Haiti: What of the Rule of Law?
National Coalition for Haitian Rights
New York, March 21, 2004 — If Haiti is to rid itself of its destructive cycle of lawlessness and political upheavals, its leaders must
resolutely break with the past to rapidly establish and promote respect for human rights and the rule of law. Unfortunately, this
does not appear to be the transitional government?s priority.
Interim Prime Minister Gérard Latortue visited Gonaïves on March 20 to hail as freedom fighters the ?cannibals,? a group of
thugs who took up arms against President Jean-Bertrand Aristide in order to settle scores with him. They blamed Mr. Aristide ?
whom they once supported — for the murder of their leader, Amiot Métayer. They have been in control of the city of Gonaïves
since last December when they drove away the police and other governmental authorities.
Mr. Latortue was accompanied on this visit by Justice Minister Bernard Gousse and OAS Representative David Lee. But for all
the hoopla that greeted this occasion, Mr. Latortue came away only with a hastily crafted wooden key to the city of Gonaives. At
the very least he succeeded in fanning the flames of lawlessness. The thugs refused to give up control of the municipality and to
disarm. And they threatened to overthrow the interim government should they decide that things were not to their liking. Standing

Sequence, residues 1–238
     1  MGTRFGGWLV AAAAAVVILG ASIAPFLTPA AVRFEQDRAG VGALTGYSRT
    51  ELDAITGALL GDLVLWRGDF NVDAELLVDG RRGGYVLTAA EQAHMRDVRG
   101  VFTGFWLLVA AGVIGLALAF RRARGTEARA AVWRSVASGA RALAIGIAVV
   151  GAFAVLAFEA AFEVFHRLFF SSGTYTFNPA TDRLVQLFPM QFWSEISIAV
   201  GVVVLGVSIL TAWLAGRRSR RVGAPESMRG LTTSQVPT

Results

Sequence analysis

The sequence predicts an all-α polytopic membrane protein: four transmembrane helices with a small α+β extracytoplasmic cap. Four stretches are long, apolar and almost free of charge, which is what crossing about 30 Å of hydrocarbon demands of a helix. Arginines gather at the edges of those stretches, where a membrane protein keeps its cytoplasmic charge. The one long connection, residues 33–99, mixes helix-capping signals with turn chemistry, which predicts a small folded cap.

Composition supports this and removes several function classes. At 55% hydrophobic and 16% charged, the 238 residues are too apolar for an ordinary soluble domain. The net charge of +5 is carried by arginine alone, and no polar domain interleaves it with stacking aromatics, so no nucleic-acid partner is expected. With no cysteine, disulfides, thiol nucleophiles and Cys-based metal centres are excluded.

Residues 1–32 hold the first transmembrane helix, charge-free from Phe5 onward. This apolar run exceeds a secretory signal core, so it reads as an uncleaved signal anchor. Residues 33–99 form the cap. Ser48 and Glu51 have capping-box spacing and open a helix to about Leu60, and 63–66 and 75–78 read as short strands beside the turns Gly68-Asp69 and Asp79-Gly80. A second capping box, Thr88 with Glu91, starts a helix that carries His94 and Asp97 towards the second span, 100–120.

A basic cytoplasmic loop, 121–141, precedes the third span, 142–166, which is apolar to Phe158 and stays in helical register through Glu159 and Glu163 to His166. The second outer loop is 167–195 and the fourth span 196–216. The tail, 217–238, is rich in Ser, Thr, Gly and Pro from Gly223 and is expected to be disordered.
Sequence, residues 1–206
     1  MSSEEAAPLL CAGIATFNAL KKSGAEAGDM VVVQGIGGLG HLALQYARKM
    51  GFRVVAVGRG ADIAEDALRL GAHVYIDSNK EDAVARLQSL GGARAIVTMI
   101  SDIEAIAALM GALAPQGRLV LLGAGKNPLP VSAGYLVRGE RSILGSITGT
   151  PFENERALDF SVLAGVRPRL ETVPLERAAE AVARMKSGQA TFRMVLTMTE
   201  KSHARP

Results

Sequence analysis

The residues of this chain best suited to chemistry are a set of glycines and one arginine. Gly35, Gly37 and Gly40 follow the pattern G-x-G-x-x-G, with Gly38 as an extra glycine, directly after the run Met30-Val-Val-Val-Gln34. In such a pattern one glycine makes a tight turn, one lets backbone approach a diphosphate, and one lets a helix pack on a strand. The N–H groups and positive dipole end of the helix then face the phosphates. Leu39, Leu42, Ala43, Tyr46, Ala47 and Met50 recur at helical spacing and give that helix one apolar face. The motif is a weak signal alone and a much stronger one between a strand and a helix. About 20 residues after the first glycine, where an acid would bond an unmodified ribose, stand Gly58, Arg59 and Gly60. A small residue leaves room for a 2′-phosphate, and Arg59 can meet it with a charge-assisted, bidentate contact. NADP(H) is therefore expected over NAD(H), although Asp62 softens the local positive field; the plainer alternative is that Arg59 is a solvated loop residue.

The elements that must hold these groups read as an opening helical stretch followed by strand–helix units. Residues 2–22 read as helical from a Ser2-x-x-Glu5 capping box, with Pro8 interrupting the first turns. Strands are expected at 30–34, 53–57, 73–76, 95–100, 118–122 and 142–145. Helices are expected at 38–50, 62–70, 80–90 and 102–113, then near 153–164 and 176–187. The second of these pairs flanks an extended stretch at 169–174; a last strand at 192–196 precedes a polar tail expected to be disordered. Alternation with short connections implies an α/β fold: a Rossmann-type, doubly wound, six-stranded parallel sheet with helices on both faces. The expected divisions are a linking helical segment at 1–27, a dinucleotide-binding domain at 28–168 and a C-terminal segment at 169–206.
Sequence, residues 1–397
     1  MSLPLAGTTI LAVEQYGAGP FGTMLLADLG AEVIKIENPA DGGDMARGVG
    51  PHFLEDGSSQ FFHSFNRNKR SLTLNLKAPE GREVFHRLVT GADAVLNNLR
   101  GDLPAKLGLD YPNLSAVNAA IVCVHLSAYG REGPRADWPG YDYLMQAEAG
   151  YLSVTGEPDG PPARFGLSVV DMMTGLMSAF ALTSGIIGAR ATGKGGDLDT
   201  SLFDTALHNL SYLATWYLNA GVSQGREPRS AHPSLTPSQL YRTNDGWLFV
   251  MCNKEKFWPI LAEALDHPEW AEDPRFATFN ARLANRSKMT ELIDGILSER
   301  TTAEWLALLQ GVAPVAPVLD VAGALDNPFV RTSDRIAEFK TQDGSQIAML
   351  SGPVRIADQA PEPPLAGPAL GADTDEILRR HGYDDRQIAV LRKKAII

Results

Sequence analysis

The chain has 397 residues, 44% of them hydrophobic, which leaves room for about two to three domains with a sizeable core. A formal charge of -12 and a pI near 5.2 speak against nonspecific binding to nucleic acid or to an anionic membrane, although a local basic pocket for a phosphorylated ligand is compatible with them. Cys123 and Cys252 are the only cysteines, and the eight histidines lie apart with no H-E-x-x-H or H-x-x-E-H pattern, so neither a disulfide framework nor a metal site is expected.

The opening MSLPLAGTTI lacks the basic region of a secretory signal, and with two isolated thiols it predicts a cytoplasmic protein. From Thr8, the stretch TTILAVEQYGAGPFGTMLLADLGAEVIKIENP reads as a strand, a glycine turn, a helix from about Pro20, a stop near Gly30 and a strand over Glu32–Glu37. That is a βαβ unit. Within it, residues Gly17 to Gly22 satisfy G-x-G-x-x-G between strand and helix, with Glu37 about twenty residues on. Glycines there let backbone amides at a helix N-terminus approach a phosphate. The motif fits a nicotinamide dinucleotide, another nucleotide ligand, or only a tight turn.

shoulder to shoulder with the Prime Minister was Jean Tatoune, a notorious lawbreaker with a nearly twenty-year long history of
human rights crimes under his belt. Tatoune should have been in jail instead.
Prime Minister Latortue may have aimed for precious time, but he has sent the wrong signals to Haitians seeking durable peace
and justice, closing perhaps quickly the window of support that Haiti enjoys among people of good will in domestic and
We strongly condemn the unholy alliance which the interim government has struck with the Gonaïves rebels. We note that such
unholy alliances, in place since 1994 when President Aristide returned from exile, have weakened rather than strengthened law
enforcement and governmental authority. We note with alarm the apparent acquiescence of international community
representatives to a wrong-headed strategy that among other things increases the risks to international peacekeepers.
We call on the transitional Haitian government to reverse course and state forthrightly that criminality and warlordism have no
place in Haitian society, and to take the steps necessary to re-establish state authority. This includes an aggressive disarmament
campaign with the active support of international peacekeepers and police forces. We call on Haiti?s international allies to also
disassociate themselves with thugs and to redouble efforts at peacebuilding by committing more troops and accelerating their
deployment to the country.
Most importantly, a judicial system that treats every Haitian equally regardless of social, economic or political status is long
overdue. Let its advent not be postponed any further.